Major story developments in the World of Warcraft have seen one of its most famous characters destroy one of the game's most famous locations - and reaction has been mixed to say the least.

THERE MAY BE SPOILERS AHEAD.

War of the Thorns is an in-game event designed to set up expansion Battle for Azeroth. In it, the Alliance and the Horde clash once again - with Sylvanas in charge of team red.

Sylvanas was once a High elf before her soul was ripped out of her body by Arthas. Since then, she has led the Forsaken, an undead faction you can play as in World of Warcraft.

Now, she's leading the Horde and seems hell-bent on starting a new war with the Alliance. To that end she's invaded Northern Kalimdor and destroyed Teldrassil, the World Tree. This is a big deal for Warcraft lore nerds such as myself (I played a Night Elf priest in World of Warcraft, so Sylvanas has effectively burnt down my spiritual home).

This cataclysmic event was revealed in an animated short made by Blizzard and released yesterday called Warbringers: Sylvanas. In it, Sylvanas is depicted as a brutal, cold, evil person filled with hatred. She callously orders the destruction of the World Tree, murdering the innocent Night Elves who call it home. In short: Sylvanas has gone off the deep end.

World of Warcraft fans have always known Sylvanas would invade Teldrassil in the run up to Battle for Azeroth, but what they didn't know was how she'd go about it. Sylvanas is considered by many to be one of Warcraft's more interesting anti-heroes, a character who has suffered greatly and made many poor decisions as a result. Now, it looks like she's become one-note - an evil villain who wants to murder just because.

Some Horde players feel they've seen all this before. In the run up to expansion Mists of Pandaria expansion, then Horde leader Garrosh Hellscream invaded and destroyed Theramore. Is this current Sylvanas story arc simply re-treading old ground? I've seen players call her Garrosh 2.0, which isn't particularly flattering.

An additional critique revolves around the motivation of the Horde. While the Alliance and the Horde are at first glance Warcraft's good and bad guys, it's never been that simple. The Alliance has huge problems, while there is much to admire about the Horde. Warcraft's universe is compelling because it is not black and white. Many races make up each side, and each is fundamentally flawed in their own way. Indeed the Alliance and the Horde have spent years as uneasy allies, coming together to fend off threats from other beings.

War of the Thorns positions the Horde as the aggressors and the Alliance as the defenders. The Horde invades an Alliance capital city to secure a precious resource. Of course the Alliance should defend themselves and strike back. The Alliance have the moral high ground, and that doesn't make for a particularly interesting conflict.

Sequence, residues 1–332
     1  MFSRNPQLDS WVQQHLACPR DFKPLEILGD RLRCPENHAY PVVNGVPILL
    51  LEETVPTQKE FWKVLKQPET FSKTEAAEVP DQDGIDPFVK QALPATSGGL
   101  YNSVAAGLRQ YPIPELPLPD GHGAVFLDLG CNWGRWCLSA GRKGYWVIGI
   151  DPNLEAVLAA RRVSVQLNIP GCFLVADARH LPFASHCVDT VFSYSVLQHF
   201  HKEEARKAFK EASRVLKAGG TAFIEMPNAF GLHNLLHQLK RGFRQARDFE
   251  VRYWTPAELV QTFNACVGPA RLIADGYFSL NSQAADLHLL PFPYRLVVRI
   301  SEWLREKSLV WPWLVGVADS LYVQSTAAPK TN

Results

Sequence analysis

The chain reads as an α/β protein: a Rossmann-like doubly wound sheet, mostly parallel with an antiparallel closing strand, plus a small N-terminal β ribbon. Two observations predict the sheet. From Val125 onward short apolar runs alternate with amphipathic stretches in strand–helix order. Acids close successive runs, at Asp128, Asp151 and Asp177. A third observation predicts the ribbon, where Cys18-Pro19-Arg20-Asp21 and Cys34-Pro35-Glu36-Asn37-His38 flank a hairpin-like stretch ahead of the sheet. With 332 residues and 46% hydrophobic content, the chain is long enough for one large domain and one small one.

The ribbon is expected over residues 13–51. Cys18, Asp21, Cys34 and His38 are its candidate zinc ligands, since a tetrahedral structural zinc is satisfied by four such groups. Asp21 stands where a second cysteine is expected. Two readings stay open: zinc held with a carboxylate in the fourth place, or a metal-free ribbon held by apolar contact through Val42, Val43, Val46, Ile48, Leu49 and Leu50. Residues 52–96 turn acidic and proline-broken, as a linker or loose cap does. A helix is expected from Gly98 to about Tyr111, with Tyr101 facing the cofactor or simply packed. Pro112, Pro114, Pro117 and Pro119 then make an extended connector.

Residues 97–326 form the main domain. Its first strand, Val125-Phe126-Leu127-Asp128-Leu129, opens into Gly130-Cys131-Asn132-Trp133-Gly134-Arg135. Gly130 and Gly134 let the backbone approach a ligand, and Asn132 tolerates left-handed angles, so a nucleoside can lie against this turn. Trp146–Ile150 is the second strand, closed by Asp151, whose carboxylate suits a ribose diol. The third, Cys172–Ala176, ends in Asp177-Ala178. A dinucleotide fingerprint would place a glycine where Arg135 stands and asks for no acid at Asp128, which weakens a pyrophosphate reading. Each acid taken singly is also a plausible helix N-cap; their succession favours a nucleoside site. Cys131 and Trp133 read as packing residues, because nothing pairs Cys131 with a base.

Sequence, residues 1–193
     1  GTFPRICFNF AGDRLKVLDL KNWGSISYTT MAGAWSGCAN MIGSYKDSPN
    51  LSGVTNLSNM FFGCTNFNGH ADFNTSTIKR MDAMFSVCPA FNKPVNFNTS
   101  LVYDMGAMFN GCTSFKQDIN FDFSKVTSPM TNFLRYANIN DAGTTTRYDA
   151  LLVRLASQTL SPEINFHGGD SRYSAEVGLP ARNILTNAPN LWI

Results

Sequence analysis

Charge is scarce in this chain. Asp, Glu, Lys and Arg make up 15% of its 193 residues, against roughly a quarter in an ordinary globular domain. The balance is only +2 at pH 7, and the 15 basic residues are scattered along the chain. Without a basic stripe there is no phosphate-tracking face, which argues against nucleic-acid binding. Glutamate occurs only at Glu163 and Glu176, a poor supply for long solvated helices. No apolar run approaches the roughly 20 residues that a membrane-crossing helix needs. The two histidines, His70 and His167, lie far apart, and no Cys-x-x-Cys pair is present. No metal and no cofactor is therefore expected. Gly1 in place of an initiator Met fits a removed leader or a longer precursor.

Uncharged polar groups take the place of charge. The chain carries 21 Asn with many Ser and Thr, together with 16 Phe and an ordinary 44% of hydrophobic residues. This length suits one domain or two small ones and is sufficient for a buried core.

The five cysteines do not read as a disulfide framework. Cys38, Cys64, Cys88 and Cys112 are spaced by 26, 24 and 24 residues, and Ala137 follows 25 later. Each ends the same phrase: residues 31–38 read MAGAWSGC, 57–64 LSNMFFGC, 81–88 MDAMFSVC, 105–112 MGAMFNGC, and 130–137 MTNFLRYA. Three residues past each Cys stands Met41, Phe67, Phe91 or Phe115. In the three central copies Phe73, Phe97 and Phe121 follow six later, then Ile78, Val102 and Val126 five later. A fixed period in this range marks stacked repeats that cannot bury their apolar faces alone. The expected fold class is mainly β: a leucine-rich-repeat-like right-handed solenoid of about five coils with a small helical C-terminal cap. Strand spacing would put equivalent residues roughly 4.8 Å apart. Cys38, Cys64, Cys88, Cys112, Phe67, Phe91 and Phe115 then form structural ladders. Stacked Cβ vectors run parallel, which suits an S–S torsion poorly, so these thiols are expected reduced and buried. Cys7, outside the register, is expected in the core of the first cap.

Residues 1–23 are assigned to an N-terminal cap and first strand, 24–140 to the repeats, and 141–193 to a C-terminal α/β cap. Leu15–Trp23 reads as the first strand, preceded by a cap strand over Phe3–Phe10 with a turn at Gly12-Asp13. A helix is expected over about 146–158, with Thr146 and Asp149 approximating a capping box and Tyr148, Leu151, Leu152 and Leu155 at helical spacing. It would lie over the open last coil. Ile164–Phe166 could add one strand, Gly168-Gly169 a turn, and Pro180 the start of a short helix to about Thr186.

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The Banshee Queen smirks before ordering the murder of innocent Night Elves.

More importantly, with Sylvanas now positioned as a character of pure evil, the Horde she leads is tarnished by the same brush - and some Horde players are struggling to accept this new role as chief evildoers. This animated short suggests Horde players are being forced to play as the evil villains rather than the noble, code of honor-obsessed group of sinister races they've come to know and love.

This development has fuelled a negative - and in some places unnecessarily aggressive - reaction to World of Warcratf's War of the Thorns pre-expansion event and Sylvanas in particular. The official Warbringers: Sylvanas video on YouTube has had 38,000 likes and 14,000 dislikes. While the likes outnumber the dislikes, the number of dislikes is huge for a World of Warcraft video.

While World of Warcraft fans are currently coming to terms with recent events, it's worth pointing out there's a lot more to come from the game's story in the coming weeks, and Battle for Azeroth isn't even out yet. Perhaps Sylvanas will see the light? Perhaps she has some hidden motivation for her murderous rampage?

Whatever the case, we now know for sure the World Tree is no more and, as a Night Elf till I die, this means war.

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Wesley Yin-Poole

Wesley Yin-Poole

Deputy Editor

Wesley is Eurogamer's deputy editor. He likes news, interviews, and more news. He also likes Street Fighter more than anyone can get him to shut up about it.

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